The City of Wrangell has issued a shelter in place order amid the spread of coronavirus. The city expects folks to take the message to heart, but it has little power for widespread enforcement.

At an impromptu meeting Sunday, the Wrangell assembly unanimously voted in favor of a “shelter in place” order. This is similar to statewide mandates in New York and California, and now, in Alaska municipalities like Ketchikan and Sitka.

Wrangell’s take on this looks like efforts throughout the nation. Residents should only leave their homes for grocery shopping, checking the mail box, filling prescriptions and other essential activities. Likewise, if you provide an essential service at your job, expect to keep working.

“If you are in what I’d call the supply chain, we need to keep stores open,” Mayor Steve Prysunka says. “By no means is this meant to shut down those organizations and businesses.”

If workplaces can function remotely, then there’s no need to shut down.

City officials reiterated this does not limit folks from outdoor activities, just outdoor gatherings.

The city issued its first local mandate last week, which banned gatherings or ten or more people.  Since then, the city has discussed how these measures can actually be enforced.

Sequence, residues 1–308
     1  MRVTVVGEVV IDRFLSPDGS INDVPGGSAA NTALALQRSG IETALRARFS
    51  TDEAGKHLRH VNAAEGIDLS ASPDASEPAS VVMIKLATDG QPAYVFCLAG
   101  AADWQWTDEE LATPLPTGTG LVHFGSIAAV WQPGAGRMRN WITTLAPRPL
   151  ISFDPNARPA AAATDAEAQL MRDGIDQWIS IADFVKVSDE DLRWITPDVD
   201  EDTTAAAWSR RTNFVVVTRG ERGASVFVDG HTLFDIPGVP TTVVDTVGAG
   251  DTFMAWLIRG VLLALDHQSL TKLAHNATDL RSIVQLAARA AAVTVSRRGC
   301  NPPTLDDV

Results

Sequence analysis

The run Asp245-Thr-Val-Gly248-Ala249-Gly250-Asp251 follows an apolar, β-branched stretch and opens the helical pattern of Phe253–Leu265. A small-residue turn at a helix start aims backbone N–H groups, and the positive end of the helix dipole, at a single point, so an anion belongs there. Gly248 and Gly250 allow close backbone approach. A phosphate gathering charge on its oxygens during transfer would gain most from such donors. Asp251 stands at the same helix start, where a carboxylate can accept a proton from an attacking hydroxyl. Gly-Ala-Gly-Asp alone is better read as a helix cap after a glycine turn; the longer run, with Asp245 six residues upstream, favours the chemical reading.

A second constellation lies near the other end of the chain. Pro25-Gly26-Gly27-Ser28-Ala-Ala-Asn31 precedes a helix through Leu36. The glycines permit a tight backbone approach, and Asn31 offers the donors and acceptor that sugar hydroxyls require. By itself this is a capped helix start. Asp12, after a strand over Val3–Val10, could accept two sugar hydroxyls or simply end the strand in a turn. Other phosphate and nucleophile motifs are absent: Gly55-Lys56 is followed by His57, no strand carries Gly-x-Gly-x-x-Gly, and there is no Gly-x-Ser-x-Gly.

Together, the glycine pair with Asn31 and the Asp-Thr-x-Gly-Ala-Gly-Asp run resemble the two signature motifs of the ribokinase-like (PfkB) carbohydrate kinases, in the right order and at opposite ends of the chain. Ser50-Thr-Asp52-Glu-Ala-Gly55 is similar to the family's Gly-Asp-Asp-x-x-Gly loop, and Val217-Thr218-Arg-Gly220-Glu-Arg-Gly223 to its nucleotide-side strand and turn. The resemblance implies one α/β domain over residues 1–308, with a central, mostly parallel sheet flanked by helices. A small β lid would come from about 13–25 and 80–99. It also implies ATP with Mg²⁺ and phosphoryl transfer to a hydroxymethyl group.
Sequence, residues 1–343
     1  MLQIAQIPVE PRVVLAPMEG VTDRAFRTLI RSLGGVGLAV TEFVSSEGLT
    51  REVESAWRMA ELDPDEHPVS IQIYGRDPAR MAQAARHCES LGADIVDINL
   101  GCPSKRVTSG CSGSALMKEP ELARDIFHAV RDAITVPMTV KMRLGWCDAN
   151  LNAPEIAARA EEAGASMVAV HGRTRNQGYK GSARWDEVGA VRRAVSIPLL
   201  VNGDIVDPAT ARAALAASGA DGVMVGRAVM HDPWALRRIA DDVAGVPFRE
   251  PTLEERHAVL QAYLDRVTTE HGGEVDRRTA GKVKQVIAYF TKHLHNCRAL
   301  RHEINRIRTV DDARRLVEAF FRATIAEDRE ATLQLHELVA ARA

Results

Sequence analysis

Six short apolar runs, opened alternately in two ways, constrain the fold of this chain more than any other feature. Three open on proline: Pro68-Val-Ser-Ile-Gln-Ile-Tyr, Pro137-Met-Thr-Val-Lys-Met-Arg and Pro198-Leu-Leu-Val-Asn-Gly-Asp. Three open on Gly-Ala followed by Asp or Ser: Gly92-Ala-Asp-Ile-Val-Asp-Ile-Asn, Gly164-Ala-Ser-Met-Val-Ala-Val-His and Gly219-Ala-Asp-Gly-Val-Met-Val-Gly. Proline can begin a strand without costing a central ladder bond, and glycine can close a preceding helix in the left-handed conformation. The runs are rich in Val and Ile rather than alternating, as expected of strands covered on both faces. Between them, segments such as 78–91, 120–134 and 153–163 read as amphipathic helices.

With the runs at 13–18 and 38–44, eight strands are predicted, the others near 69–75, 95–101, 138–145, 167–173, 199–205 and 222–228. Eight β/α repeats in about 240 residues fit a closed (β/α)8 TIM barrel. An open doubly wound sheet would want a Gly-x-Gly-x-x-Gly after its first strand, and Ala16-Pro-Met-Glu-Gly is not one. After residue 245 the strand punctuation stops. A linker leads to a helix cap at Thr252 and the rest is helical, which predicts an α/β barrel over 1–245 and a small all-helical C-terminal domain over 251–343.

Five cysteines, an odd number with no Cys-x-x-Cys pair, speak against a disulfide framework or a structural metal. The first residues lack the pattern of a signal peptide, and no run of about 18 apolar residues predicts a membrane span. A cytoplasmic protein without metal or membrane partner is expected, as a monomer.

“We cannot create a law that puts people in jail for what we’re doing,” Prysunka says. “At the end of the day, to be honest with everyone, this is voluntary.”

Police can issue warnings, fines and misdemeanor charges. The police told KSTK Friday that it had not had not issued any fines or charges at that time.

The city has been direct with businesses, regarding its expectations. The city reached out to bars and restaurants last week. The city says Sealevel, Alaska Crossings, and the Forest Service have been asked to not bring any new personnel or clients to the island.

The mandate is in effect indefinitely as of Sunday at 6pm. As of Sunday evening, there are no cases of coronavirus on the island.